Who benefits from sustainable mobility transitions? Social inclusion, populist resistance and elite capture in Bergen, Norway
place - europe, place - urban, policy - sustainable
Sustainable mobility, Social inclusion, Transition, Elite capture, Electric vehicles
Transitioning to sustainable mobility systems is generally thought to require three approaches: avoid, shift and improve. We examine a combination of these in a city at the forefront of implementing transition policies, focusing on how the approaches interact and impact social inclusion. The Norwegian city of Bergen has pursued ambitious targets to reduce car use and promote walking, cycling and public transportation (avoid and shift). National subsidies have achieved more electric vehicles per capita than any other country (improve). Tensions between policies to avoid and displace automobility, and to accelerate electric automobility, center on the relationship between mobility transitions and social inclusion. Based on an in-depth qualitative study during 2020–2021, we analyze key examples of avoid, shift and improve approaches. We show that urban electric automobility risks undermining, not complementing, avoid and shift goals. We further demonstrate how populist politics mobilized around automobility reinforce elite narratives and pose a challenge to the legitimacy of transition planners and policy makers. We recognize different forms of depoliticization and argue that if socially inclusive mobility systems require overcoming the strong vested interests embedded in cultural attitudes around automobility, then depoliticizing an agenda to reduce car dependence – not just cars – can be progressive.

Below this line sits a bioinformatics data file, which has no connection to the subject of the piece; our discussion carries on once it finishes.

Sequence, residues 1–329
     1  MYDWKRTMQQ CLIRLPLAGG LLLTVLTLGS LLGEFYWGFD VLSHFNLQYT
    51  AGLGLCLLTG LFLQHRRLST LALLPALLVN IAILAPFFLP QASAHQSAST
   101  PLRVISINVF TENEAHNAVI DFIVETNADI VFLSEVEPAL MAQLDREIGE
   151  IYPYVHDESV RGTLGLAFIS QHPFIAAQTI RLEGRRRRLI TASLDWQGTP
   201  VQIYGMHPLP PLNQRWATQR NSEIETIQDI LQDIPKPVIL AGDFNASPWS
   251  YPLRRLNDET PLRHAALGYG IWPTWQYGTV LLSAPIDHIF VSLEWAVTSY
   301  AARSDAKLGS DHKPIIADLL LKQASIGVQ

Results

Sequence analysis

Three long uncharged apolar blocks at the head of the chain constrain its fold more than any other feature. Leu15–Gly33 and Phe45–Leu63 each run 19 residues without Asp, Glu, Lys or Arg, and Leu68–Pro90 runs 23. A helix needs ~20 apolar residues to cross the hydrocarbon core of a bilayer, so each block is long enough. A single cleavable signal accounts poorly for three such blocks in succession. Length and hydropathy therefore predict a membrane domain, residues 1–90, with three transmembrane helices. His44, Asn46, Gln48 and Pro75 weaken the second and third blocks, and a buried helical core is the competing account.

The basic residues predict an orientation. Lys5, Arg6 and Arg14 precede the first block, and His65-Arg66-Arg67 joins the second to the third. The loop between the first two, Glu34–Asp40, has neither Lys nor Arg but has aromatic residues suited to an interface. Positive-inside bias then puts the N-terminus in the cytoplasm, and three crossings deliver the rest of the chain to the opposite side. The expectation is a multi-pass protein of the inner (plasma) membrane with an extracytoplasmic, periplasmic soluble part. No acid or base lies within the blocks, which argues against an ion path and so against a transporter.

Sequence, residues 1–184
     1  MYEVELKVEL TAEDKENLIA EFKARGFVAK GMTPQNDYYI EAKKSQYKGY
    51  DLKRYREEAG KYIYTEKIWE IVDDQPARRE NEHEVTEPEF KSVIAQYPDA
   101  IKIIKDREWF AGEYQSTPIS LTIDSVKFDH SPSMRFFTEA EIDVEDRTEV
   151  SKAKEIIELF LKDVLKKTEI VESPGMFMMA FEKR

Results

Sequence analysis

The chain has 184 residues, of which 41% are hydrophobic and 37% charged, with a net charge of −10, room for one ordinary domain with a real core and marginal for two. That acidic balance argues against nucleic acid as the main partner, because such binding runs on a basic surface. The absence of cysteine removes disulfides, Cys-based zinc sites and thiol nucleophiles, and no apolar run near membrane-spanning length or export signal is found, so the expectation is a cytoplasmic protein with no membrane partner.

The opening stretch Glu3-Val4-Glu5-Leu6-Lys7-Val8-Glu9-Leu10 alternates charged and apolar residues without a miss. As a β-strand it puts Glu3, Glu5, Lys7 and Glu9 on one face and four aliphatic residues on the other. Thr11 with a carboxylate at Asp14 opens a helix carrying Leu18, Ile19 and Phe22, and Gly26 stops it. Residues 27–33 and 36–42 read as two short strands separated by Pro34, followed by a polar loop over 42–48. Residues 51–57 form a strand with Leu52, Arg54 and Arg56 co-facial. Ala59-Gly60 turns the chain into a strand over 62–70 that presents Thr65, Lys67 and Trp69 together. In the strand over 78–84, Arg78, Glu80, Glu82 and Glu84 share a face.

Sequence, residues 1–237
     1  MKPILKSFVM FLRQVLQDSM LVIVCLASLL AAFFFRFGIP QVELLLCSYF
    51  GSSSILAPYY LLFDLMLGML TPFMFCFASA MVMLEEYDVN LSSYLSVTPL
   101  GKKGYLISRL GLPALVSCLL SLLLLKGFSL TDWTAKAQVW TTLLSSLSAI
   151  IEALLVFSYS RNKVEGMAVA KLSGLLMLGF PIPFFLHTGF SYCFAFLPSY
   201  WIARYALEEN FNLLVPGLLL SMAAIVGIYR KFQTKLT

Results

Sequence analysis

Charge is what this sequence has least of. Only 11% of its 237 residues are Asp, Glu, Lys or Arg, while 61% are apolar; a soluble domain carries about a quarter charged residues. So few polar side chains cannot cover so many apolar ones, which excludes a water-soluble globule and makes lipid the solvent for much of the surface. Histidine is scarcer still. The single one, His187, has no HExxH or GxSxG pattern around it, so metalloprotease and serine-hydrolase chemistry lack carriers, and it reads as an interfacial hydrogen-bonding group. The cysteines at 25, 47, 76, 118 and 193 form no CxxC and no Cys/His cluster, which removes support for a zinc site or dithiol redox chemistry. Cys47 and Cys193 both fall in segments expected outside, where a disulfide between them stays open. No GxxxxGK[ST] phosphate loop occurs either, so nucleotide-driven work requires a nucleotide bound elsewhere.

Permission to publish the abstract has been given by Elsevier, copyright remains with them.
Remme, D., Sareen, S., & Haarstad, H. (2022). Who benefits from sustainable mobility transitions? Social inclusion, populist resistance and elite capture in Bergen, Norway. Journal of Transport Geography, Vol. 105, 103475.
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